Spectrum: Autism Research News
Building a better drug
Iama Therapeutics is hoping a new class of molecule will prove successful against an old target in autism.
Laura Cancedda didn’t set out to develop a drug for autism traits. In fact, Cancedda, senior group leader of the Brain Development and Disease Laboratory at the Istituto Italiano di Tecnologia in Genoa, Italy, had never studied autism at all when she realized her research on how developing neurons maintain inhibitory signaling might point toward new medicines. But it wasn’t until she met researcher Marco De Vivo in 2015 that the idea came into focus. Together, they decided to test whether dialing down inhibitory brain activity by modulating chloride ion transport can treat the repetitive behaviors and social challenges that are associated with autism.
In November 2021, they co-founded a startup, Iama Therapeutics, and a month later raised 8 million euros ($8.9 million) from two Italian venture capital firms. The company plans to start clinical trials in the second half of next year to test the drug’s safety in neurotypical people, and it aims to begin testing the drug in children with idiopathic autism by the end of 2024.
Yet the drug, called IAMA-6, treads familiar territory: It targets the same mechanism as an already approved blood pressure drug called bumetanide. Since 2010, at least two independent groups have run trials testing bumetanide for conditions associated with autism, and the outcomes have been highly variable. Last year, the two most advanced clinical trials to date testing whether bumetanide could ease autism traits in children and adolescents were halted because they did not appear to be effective.
For some autism researchers, this history is difficult to overlook. “I don’t view the collective data on bumetanide as suggestive that it is helpful in autism spectrum disorder,” says Jeremy Veenstra-VanderWeele, professor of developmental neuropsychiatry at Columbia University. “I think this program of research has been adequately explored — and is negative.” But Cancedda and De Vivo are not bothered. They are working with a new class of molecule with a better safety profile. “If we maintain the efficacy but get rid of the side effect,” says De Vivo, “then you can test efficacy more clearly.”
The brain needs both excitatory and inhibitory signaling to function, but the balance between the two changes throughout development. Early in life, most signaling is excitatory, building new connections between neurons. Then, in childhood and adolescence, inhibitory signaling comes online, dampening connections between neurons. Inhibitory signaling is regulated by the neurotransmitter gamma-aminobutyric acid (GABA).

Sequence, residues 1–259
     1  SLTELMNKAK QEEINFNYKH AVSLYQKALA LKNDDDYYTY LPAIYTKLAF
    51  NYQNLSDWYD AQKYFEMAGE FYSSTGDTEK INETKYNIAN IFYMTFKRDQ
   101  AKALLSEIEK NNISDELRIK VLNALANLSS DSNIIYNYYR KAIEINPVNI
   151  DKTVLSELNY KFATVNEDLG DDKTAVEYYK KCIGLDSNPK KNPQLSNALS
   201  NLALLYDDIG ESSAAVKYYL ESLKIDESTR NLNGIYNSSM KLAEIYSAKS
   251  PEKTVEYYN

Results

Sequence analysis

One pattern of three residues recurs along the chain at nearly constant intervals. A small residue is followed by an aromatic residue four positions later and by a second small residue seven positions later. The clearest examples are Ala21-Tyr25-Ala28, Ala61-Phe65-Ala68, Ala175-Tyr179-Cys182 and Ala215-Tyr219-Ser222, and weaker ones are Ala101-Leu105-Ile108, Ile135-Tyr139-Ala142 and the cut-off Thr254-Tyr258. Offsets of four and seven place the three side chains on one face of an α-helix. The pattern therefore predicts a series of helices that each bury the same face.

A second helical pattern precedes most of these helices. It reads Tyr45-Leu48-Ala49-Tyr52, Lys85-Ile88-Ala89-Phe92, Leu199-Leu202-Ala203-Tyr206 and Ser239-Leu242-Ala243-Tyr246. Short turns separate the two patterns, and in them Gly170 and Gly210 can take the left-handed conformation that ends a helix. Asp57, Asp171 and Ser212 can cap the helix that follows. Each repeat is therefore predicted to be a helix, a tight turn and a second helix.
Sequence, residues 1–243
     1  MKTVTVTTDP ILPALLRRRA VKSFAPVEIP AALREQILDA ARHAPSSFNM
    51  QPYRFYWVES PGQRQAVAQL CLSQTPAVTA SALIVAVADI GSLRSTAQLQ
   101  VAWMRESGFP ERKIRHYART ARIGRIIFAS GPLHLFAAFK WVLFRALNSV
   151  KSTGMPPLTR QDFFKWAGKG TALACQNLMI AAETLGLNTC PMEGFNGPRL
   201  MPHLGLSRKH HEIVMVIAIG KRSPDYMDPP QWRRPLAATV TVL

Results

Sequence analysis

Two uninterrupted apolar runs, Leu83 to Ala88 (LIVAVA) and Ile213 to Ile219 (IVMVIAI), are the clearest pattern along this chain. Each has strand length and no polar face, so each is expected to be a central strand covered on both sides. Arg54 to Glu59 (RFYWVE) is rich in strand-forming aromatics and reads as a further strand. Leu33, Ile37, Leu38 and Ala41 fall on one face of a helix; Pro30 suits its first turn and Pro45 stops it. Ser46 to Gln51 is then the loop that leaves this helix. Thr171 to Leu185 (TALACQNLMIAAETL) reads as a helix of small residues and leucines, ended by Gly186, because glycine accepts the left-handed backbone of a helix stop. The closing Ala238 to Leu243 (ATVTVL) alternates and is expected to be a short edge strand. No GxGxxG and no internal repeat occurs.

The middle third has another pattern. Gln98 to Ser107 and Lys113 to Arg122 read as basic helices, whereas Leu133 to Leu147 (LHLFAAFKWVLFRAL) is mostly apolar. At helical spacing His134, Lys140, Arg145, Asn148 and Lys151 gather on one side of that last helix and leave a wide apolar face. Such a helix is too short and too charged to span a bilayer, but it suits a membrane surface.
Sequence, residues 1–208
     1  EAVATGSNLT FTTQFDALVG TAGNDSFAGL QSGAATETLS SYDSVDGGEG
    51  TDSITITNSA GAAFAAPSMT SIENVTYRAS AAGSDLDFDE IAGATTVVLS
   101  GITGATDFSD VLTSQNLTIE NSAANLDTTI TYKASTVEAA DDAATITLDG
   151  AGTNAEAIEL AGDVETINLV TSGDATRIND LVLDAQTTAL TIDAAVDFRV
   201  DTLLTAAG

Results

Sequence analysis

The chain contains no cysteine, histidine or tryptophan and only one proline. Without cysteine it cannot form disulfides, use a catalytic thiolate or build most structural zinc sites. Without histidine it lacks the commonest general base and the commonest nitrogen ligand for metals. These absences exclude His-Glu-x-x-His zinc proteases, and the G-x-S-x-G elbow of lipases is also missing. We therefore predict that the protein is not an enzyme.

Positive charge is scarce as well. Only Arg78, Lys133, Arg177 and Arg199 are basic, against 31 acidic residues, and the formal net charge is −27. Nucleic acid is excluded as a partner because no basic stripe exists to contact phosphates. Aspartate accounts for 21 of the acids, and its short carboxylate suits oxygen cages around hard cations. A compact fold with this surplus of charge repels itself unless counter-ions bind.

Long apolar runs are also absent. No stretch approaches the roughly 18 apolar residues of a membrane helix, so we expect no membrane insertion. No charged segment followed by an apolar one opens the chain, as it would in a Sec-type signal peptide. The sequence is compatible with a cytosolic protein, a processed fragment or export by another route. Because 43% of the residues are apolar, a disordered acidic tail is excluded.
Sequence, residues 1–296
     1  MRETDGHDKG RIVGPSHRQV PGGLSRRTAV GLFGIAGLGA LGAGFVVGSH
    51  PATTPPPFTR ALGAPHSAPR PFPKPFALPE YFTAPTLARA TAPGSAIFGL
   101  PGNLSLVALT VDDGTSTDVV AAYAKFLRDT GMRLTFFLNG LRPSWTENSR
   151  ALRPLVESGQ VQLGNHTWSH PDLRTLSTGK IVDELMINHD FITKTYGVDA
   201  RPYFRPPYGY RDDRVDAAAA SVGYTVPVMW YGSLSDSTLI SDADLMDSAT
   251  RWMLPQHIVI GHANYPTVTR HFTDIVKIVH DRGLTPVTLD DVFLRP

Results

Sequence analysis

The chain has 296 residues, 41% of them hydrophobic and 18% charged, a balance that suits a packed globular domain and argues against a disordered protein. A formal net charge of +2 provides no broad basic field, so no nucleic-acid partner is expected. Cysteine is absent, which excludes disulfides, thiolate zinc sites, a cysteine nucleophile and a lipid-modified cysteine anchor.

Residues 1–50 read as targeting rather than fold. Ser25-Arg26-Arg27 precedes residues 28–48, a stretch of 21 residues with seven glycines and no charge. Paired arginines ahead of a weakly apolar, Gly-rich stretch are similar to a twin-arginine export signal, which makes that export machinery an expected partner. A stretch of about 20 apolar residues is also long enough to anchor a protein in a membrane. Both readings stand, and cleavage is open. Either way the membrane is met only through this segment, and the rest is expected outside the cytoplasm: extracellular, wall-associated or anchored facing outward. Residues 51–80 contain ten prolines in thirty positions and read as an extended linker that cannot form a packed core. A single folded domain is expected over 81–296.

Chloride ions are crucial for tuning GABA signaling, and their levels are regulated by a push and pull between two transporter molecules — NKCC1, which brings chloride ions into neurons, and KCC2, which carries them out. Bumetanide blocks NKCC1, thereby dialing down chloride levels in neurons and increasing inhibitory signaling — though it’s unclear how much of a given dose gets to the brain.
According to the signaling imbalance theory of autism, this shift from excitatory to inhibitory signaling does not fully occur in autistic people — thus the interest in using bumetanide to ease some behavioral traits associated with autism. But the drug also affects a version of NKCC1 found in the kidneys (called NKCC2) and causes a strong side effect — diuresis — which limits the dose people can take. Plus, participants in clinical trials needed frequent blood tests in the first couple of weeks to check potassium levels, and that can be intrusive, “especially for children with sensory issues,” says Hilgo Bruining, professor of child psychiatry at Amsterdam University Medical Center in the Netherlands, who has run several clinical studies of bumetanide in autism.